Watson shares secret to Turnberry run

Tom Watson's approach shot on the 18th hole at Turnberry during regulation play just skidded off the back of the green. Watson made bogey when a par would have made him the oldest major champion by 11 years. Andrew Redington/Getty Images

When the U.S. Open is held at Pebble Beach Golf Links for a fifth time later this month, Tom Watson will be in the field for a fifth time.

Following appearances at Pebble in 1972, 1982, 1992 and 2000 -- the second of which stands as his lone Open victory -- Watson received a special exemption from the USGA to compete in this year's event.

It will hardly be a farewell party.

Watson, of course, came within inches of winning last year's Open Championship at Turnberry and also contended into the weekend at Augusta National two months ago.

The eight-time major champion recently sat on the ESPN.com Hot Seat to discuss his love affair with the upcoming venue, whether he can contend again and how at age 60 he's still able to hang with the world's elite golfers on some of the biggest stages.

Q: When did you find out that the USGA was going to give you a special exemption into the upcoming U.S. Open?
A: I found out just prior to the Masters that I was going to receive it and that I was going to get a call from Mr. [Jim] Hyler to confirm it, which I did, and the announcement came the Monday after the Masters.

Q: Were you expecting it? How pleased were you to receive it?
A: First of all, I was very excited to get it, because of the history that I've had at Pebble Beach. It's my favorite course in the world. I have a long history, starting back in 1967 when I first played the golf course. In four years at Stanford, I played it a dozen times. [I won] my only U.S. Open there in 1982. Over the years, I've just had so many wonderful experiences and great memories there.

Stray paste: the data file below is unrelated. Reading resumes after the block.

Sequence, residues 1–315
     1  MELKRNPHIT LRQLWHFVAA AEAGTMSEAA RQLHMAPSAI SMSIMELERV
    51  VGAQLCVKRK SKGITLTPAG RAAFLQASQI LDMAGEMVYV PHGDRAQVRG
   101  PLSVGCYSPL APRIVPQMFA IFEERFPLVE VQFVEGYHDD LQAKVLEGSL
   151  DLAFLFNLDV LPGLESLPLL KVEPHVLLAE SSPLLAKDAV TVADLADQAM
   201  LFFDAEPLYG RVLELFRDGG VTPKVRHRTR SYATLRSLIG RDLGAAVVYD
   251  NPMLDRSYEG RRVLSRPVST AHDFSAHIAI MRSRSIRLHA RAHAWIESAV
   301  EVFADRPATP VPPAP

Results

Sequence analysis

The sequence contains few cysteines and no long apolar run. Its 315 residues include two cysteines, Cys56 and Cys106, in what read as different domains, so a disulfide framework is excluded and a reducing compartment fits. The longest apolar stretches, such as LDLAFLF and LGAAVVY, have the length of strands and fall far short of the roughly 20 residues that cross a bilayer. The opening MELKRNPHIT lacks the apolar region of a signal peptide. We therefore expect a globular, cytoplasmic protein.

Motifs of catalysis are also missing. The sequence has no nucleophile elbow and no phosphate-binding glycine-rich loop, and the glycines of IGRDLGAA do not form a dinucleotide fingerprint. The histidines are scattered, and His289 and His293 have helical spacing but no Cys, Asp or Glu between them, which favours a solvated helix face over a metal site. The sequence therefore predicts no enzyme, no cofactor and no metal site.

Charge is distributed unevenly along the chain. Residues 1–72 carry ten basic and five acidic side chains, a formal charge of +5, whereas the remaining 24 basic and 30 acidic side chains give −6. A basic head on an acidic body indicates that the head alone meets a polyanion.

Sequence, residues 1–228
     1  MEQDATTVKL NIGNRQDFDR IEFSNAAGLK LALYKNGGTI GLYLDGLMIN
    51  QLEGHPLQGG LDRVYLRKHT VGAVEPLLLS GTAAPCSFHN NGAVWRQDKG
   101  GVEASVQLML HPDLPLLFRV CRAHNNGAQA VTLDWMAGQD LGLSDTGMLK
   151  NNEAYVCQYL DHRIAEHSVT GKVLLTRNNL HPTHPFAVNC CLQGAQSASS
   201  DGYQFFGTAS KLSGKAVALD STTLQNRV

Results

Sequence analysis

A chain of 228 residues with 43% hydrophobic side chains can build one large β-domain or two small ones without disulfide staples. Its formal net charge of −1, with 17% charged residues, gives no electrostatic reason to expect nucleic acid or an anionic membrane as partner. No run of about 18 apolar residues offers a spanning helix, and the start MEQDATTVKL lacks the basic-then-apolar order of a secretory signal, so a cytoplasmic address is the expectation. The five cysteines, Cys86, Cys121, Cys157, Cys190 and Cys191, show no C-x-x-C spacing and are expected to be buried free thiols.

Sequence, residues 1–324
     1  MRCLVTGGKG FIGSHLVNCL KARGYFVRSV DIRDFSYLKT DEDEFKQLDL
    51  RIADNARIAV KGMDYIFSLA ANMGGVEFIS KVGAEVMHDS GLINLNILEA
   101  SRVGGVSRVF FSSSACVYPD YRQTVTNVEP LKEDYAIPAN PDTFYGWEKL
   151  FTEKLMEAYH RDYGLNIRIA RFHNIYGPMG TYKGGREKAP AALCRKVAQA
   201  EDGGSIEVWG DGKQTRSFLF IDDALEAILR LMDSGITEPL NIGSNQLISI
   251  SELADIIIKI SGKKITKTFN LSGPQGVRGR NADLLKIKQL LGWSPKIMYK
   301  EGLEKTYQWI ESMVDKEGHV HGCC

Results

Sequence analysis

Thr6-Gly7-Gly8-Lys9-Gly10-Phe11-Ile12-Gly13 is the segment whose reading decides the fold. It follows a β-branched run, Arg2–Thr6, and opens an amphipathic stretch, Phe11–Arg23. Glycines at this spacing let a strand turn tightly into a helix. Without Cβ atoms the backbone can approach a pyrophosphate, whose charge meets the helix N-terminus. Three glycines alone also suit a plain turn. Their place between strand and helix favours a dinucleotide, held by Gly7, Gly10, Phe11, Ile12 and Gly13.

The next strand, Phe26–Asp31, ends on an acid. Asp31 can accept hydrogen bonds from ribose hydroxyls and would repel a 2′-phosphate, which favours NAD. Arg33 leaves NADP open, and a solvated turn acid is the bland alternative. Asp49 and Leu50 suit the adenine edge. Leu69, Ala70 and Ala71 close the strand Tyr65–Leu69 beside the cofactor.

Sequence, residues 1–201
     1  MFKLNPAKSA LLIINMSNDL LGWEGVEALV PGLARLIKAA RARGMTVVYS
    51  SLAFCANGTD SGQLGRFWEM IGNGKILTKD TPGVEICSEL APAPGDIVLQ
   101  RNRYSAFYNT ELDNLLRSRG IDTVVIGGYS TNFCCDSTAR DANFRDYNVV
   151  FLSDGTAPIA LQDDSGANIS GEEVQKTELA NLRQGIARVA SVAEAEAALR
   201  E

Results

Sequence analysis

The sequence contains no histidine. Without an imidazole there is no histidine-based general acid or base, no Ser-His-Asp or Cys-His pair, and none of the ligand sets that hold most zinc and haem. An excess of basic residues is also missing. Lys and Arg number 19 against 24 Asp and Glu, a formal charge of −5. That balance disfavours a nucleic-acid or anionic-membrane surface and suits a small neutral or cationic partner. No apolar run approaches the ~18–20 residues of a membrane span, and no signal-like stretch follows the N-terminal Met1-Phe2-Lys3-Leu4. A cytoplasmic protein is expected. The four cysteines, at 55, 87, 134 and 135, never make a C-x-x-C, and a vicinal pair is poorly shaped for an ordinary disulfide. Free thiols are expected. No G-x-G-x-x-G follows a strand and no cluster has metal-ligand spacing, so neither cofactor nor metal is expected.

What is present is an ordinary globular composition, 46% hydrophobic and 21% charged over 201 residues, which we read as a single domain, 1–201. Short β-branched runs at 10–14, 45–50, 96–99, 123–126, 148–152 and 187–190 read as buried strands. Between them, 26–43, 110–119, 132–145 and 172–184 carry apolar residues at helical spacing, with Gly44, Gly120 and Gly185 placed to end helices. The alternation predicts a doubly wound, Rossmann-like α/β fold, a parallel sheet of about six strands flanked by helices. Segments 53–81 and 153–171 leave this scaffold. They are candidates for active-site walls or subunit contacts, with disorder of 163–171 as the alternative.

Q: What do you remember from that first experience of playing Pebble?
A: I think I was 17. I remember struggling to break 80 [laughs]. I always keep my scores and in four years of playing there when I was going to Stanford, I never broke 75.

I always tell this story: The starter there at Pebble Beach befriended me. His name was Ray Parga. I used to go down there first thing Saturday morning, I'd be first off. He'd let me on, wouldn't charge me the huge greens fee, which I think back then was $10 or $15, something like that. I played by myself and enjoyed the serenity of playing Pebble Beach and trying to shoot a score.

And without fail, I'd be way over par and coming into the 15th hole, I'd say, 'OK, let's just get it together and par the last four holes.' I sort of play-acted that I was in a tournament and I had to play the last four holes in even par to win. Back in those days, I pretended I was playing in the U.S. Open against Jack Nicklaus.

Q: At that point, when you weren't breaking 75, did you enjoy the course as much as you do now?
A: I did, sure. You know, it's a great combination of land and sea. The variety of the holes is great. You have the short holes, like the third and fourth holes -- very short par-4s. And you have the greatest stretch of par-4s in the world in 8, 9 and 10. Then you finish at 17, which has the smallest green for that length of shot of any par-3 in the world, then 18, with out of bounds right and water left. It's all you can do to not have a disaster on that golf course.

Q: When you think back to 1982, what goes through your mind?